The big announcement at last week’s Gnomedex was the news that Microsoft plans to bake RSS into Longhorn. In just a minute I’m going to ask you to blog about this, but this requires some background first. I know this is a lengthy post, but the fact that you’re reading it means this is important to you, so please bear with me.
Microsoft’s plans are two-fold: to extend RSS so that it handles lists, and to provide a common feed subscription list and data store that can be shared among applications running on the same desktop. I believe these are both good things, and I’ve offered my hand to Microsoft to help them develop these in a way that benefits everyone.
In other words, I’m going to trust Microsoft. I believe companies – like people – can change, and I’ve seen plenty of signs that Microsoft has indeed changed. Unlike Google, Microsoft has joined the conversation via blogs and RSS. Hell, the fact that Scoble still has his job suggests that they’re a changed company!
So, I’m going to take them at their word that they’ll develop RSS support in a way that’s open, and I hope that I’m not singing “Won’t Get Fooled Again” a year or two down the road. But by trusting Microsoft, I’m also trusting them with your attention, and I don’t want to speak for you without explaining what I believe this is about, and then hearing your opinion on it.
What was interesting about Microsoft’s announcement was that they didn’t talk much about search, which is surprising given the huge competition they face from Google and Yahoo. In my opinion, a big part of the growing interest in RSS is about how search can be improved by watching what you read via RSS.
One of the most powerful things about RSS is that it breaks information into individual items – bite-size chunks, if you like – which theoretically enables tools and services to find out what you’re paying attention to. The more that’s known about what you’re paying attention to, the more relevant information the service can automatically provide for you (and the more irrelevant information the service can automatically discard).
This may sound Orwellian to some, but it’s actually very useful, and it’s already widely-used. Think of the books that Amazon recommends to you based on previous purchases, or the DVDs that Netflix recommends based on past choices. They do that by looking at what you’ve paid attention to in the past. I like this, and I want more of it – especially if what I pay attention to in one service could help me find relevant information in another service.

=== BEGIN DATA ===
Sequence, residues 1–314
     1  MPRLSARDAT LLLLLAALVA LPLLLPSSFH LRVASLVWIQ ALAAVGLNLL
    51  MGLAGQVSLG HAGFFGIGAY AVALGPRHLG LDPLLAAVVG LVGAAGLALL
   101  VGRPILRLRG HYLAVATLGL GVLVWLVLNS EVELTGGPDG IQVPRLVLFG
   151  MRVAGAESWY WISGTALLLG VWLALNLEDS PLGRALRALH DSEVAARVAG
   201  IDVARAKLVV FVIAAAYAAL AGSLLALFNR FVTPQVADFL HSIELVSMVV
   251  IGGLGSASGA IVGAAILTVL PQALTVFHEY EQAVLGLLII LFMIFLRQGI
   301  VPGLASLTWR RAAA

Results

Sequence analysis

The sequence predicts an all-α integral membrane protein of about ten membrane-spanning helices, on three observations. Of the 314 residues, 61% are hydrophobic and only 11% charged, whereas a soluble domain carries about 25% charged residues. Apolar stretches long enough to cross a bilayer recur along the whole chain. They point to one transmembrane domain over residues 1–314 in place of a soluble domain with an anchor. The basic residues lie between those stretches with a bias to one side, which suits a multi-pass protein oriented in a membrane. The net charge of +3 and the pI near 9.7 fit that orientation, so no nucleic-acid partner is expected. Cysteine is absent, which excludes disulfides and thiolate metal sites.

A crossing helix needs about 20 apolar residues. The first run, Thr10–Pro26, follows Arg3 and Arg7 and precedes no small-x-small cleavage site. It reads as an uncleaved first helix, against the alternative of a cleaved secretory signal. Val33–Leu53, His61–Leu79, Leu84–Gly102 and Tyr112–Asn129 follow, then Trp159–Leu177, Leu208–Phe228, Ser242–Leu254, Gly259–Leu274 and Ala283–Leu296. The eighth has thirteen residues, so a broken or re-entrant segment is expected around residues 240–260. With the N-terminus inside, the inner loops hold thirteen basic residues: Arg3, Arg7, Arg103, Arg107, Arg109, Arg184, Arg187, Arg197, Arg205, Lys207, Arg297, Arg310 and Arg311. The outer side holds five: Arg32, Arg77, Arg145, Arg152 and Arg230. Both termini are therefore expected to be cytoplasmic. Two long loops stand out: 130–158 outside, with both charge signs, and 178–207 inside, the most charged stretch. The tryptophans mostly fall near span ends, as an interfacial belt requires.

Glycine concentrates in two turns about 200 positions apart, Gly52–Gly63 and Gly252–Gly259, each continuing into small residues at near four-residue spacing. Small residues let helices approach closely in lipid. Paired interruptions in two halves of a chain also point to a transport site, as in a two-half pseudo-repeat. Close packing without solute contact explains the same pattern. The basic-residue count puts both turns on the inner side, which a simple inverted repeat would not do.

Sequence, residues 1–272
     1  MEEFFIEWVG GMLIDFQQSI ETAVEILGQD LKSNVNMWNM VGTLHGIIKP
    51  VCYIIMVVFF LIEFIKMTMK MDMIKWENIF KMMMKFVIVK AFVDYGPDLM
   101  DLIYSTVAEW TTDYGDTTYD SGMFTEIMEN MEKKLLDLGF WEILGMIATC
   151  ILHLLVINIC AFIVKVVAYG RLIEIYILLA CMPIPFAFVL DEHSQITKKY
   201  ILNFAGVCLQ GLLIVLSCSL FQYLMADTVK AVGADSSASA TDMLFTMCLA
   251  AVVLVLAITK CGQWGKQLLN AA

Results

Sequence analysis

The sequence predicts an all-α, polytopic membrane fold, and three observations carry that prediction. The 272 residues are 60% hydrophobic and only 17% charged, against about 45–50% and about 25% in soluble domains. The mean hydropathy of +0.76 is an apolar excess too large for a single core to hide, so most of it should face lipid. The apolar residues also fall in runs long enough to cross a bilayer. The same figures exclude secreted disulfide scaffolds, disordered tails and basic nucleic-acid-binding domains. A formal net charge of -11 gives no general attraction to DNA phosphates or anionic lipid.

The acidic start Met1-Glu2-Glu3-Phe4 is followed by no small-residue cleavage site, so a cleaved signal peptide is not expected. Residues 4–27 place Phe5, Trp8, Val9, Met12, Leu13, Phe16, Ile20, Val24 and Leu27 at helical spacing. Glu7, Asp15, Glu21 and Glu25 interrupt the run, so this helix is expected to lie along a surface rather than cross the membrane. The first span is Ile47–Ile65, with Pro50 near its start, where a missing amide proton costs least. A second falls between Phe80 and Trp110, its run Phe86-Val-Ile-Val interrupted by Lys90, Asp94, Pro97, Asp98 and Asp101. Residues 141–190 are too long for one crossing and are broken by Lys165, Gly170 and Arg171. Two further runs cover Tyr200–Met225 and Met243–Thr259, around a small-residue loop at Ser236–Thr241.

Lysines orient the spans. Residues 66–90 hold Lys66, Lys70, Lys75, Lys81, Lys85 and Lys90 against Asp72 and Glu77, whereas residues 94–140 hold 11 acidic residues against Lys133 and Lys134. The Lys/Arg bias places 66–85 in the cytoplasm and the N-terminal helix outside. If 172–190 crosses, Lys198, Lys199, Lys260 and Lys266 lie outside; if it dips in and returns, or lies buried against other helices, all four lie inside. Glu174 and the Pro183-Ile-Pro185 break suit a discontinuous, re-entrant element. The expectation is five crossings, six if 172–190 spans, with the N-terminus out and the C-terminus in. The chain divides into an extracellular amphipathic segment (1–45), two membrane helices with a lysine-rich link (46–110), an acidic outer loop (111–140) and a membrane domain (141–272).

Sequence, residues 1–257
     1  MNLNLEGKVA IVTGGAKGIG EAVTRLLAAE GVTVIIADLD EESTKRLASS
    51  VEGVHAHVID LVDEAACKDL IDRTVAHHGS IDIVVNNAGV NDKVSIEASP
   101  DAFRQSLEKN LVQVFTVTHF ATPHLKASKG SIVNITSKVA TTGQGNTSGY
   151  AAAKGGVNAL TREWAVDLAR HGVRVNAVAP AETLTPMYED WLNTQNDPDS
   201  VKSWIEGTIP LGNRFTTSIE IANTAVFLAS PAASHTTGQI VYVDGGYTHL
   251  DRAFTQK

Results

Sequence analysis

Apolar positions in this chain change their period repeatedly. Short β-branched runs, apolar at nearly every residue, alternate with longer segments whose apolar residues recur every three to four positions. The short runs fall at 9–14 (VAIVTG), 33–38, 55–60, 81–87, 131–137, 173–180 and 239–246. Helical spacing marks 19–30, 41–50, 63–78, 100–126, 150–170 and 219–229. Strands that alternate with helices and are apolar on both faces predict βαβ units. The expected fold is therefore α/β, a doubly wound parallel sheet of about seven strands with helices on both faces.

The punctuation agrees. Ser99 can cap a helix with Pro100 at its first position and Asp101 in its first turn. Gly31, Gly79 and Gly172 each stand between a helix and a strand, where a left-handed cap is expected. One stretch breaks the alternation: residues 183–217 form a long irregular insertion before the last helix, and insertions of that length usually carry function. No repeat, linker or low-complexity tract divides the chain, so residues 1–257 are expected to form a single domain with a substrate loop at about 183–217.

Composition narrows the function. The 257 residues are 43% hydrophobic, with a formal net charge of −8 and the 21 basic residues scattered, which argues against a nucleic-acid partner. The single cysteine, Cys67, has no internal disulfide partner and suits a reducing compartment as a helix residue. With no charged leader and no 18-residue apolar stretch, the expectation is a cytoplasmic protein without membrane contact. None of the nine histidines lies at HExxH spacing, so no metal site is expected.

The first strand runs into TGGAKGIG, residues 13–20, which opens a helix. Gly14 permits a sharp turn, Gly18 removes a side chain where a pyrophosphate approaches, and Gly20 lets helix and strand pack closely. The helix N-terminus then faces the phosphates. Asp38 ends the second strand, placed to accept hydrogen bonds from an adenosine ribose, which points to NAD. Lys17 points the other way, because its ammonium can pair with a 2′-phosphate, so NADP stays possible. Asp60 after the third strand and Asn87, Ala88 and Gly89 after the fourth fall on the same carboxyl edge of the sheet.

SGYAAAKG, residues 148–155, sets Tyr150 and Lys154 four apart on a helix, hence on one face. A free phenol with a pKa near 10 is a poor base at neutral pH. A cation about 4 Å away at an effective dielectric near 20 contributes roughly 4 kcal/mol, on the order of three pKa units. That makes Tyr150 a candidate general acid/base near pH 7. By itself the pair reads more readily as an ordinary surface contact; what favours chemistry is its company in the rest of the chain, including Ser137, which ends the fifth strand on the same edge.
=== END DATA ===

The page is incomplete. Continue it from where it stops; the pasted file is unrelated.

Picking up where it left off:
Now, Microsoft plans to add a common RSS feed list and feed store to Longhorn, which means that instead of requesting feeds via HTTP, aggregators like FeedDemon would request them through Longhorn’s RSS APIs – enabling Windows to find out what you’re paying attention to. That sounds incredibly useful for developing personalized search, doesn’t it?
And I’m actually fine with that, because I want personalized search. I want my attention data to help tools and services find the stuff that matters to me so I can cut down on information overload. But I only want this if:
- It’s done in a way that protects my privacy
- The service that collects my attention data lets me get it back, so I can share it with other services
I’ve written about attention and privacy before, but I haven’t really talked about the second point, which is where it gets tricky. Your attention data is very valuable to the services that collect it, so there’s not a lot of incentive for them to give it back to you. But even though you’re paying those services by giving them your attention data, that shouldn’t mean that they own it. It’s your data, and you should be able to share it with other services so that they can use it to make recommendations for you.
This isn’t about Microsoft or any one company. I fully expect Gmail to add RSS aggregation, enabling Google to better understand what you’re paying attention to so they can provide a more useful personalized search. Same goes for Yahoo and everyone else getting into the RSS business. See, I believe we’ve won the RSS battle and the next battle is for attention, and we should let everyone who hopes to gain from our attention data know that we want it back.
And that’s what I’m asking you to blog about (or, if you don’t have a blog, comment here). If you believe that you should own your attention data, now is the time to sound off about it. You don’t need to link to me or even mention me in your blog – just make sure to include “RSS and Attention” in your entry’s title so that everyone who pays attention to this subject (ie: Microsoft, Google, myself, etc.) can find you. I’m taking Microsoft at their word that they’ll listen to the conversation while designing their RSS support, so let’s test them on this.
Note: This is part of the battle that Steve Gillmor has been fighting for quite some time – it just took me a while to grok it :)